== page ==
It is also true that some collectors will remove coins from their PCGS or NGC holders for emotional reasons. These are often resubmitted by dealers or other collectors, years later.
It is debatable as to whether as many as 250 different 1807 Bust Left Half Eagles have been submitted to PCGS or NGC. There are, however, additional 1807 Half Eagles that have problems that are so serious that these would not qualify for PCGS or NGC certification. Over the decades, some coins of almost every issue are deliberately abused, including mounting for use as jewelry, or accidentally harmed. These additional pieces will not be reflected in PCGS or NGC data.
It could be fairly argued that there are fewer than 250 1807 Bust Left Half Eagles in existence. My rough estimate, though, is 275 to 400. I am almost certain that fewer than 500 are known. It is thus a rare date. Indeed, all dates of the Bust Left Half Eagle (1807-12) type are rare.
In their Encyclopedia of U.S. Gold coins (Atlanta: Whitman, 2006) Jeff Garrett and Ron Guth say that, “Other than the 1810 issue, this [1807 Left] is the most common date of this type” (p. 184). Although this is an excellent book and is strongly recommended, I disagree with a few statements therein, including this one. Also, Garrett & Guth report that the 1807 Bust Left Half Eagle in the Smithsonian grades “MS-61.”
Of the four major varieties of 1810 Half Eagles, the least rare is the 1810 Large Date, Large 5. As there are fewer than ten 1810 Large Date, Small 5, Half Eagles in existence, for purposes here, I will refer to the 1810 Large Date without reference to reverse varieties. It seems that Garrett & Guth asserted that there are more 1810 Large Date Half Eagles in existence than 1807 Bust Left Half Eagles. I disagree.
Sometimes, researchers rely too heavily on auction data when formulating conclusions regarding rarity. The 1810 Large Date, Large 5 is more likely to be consigned to auctions than the 1807. Beginning collectors, and potential buyers among the general public, will find Large Date, Small Date, and ‘Large 5 – Tall 5 -Small 5′ concepts to be confusing or annoying, or both. The 1807 is much easier than any 1810 variety to market to people who are not interested in die varieties or who do not know very much about coins in general.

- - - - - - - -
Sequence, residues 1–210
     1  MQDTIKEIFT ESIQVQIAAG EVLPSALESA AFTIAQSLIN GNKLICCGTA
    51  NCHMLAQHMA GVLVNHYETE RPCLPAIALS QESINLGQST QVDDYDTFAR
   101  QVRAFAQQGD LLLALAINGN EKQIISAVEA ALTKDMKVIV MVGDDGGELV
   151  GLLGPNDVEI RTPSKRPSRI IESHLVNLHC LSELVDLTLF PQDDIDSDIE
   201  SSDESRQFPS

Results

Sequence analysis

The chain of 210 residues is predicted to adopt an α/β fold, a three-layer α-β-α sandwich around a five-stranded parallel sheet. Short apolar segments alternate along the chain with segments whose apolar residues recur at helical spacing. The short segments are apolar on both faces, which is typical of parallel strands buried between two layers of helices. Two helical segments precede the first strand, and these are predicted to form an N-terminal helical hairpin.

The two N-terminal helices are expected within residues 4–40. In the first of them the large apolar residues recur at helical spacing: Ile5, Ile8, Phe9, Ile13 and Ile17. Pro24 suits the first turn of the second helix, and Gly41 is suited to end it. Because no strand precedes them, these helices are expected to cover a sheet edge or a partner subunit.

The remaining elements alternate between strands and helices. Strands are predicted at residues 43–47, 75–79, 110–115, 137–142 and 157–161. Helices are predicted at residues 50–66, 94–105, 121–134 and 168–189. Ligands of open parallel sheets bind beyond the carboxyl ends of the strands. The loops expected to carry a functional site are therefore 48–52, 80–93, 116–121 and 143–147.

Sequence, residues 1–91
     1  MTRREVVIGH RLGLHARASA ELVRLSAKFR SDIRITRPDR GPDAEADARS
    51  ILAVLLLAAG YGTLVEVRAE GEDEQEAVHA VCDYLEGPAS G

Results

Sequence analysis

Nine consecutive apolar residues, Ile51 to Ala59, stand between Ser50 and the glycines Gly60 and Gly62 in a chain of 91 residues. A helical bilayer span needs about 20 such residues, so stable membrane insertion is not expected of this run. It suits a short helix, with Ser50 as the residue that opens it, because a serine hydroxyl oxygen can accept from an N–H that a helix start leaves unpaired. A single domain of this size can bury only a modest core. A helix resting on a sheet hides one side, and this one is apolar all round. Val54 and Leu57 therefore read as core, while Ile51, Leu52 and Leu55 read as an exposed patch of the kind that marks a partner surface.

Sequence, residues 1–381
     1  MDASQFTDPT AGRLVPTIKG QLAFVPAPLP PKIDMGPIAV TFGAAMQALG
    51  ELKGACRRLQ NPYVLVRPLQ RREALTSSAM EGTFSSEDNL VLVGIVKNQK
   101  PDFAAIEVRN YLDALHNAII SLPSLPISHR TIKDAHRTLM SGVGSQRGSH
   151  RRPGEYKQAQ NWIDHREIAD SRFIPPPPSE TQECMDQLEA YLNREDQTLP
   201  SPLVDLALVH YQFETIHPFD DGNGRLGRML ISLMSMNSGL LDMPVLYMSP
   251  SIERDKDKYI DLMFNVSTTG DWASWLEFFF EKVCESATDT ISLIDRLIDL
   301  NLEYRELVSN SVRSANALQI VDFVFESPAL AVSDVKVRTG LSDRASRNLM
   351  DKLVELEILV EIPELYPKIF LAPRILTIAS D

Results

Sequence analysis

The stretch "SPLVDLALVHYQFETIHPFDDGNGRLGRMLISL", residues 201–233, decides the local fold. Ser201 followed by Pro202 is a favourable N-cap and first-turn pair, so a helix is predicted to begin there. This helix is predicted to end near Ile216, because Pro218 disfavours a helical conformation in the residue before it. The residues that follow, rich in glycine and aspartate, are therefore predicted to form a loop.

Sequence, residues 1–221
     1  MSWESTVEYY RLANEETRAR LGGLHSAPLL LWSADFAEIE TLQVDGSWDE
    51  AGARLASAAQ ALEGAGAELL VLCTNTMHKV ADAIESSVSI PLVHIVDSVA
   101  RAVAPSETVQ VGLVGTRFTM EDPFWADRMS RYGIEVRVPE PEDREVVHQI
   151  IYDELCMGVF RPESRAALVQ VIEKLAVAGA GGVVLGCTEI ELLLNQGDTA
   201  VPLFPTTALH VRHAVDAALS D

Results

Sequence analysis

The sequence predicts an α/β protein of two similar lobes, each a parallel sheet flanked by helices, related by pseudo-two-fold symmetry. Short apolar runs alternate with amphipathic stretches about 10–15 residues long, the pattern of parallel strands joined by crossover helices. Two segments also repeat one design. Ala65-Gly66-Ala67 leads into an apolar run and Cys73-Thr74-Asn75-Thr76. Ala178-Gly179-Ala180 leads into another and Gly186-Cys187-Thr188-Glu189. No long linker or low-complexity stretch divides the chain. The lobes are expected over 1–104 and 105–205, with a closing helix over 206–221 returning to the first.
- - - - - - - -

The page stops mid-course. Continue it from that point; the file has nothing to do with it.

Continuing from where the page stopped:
In comparison with the 1810, there are more AU, MS-61 and MS-62 grade 1807 Bust Left Half Eagles in existence, and these can be marketed without a detailed explanation of numerical grading. These certified AU and “MS” 1807 Half Eagles could be fairly called ‘Almost Uncirculated’ and ‘Uncirculated,’ respectively.
There are firms that sell millions of dollars worth of coins to the general public and they are tend to sell coins that are relatively easy to explain. In contrast, knowledgeable collectors who understand the varieties of 1810 Half Eagles are more likely to participate in auctions or to authorize agents to represent them. So, dealers and collectors are more likely to consign an 1810 Half Eagle to auction while an 1807 Half Eagle would be relatively easier to wholesale and retail at predictable prices. So, one reason, though not the only reason, to conclude that the 1810 Half Eagle is rarer than the 1807 Bust Left Half Eagle is that totals of auction appearances are more likely to understate relatively the number of 1807 Bust Left Eagles in existence as 1810 Half Eagles are more likely to be consigned to auction.
Additionally, PCGS and NGC data needs to be interpreted before being used in the process of estimating the rarity of individual dates. There is reason to believe that there are more resubmissions of 1810s than of 1807s. The seventy 1810 Large Date Half Eagles that PCGS has graded MS-64 probably represent ten to twenty different coins. Only four to seven different, certified MS-64, 1810 Half Eagles have appeared at auction over the past ten years. The fact that nearly 100 have been graded MS-64 by PCGS or NGC should not be used as a literal factor in the formulation of an estimate of the number of 1810 Large Date Half Eagles that exist.
Consider that a MS-64 grade 1810 Large Date might be worth $40,000 retail, while a MS-65 grade piece could be worth anywhere from $70,000 to $200,000 depending upon the pedigree and characteristics of the individual coin. It is obvious that there is a financial incentive to resubmit multiple times an MS-64 grade 1810 Large Date Half Eagle in hopes of receiving an MS-65 grade, especially since the PCGS has only graded two Half Eagles of this date above MS-64.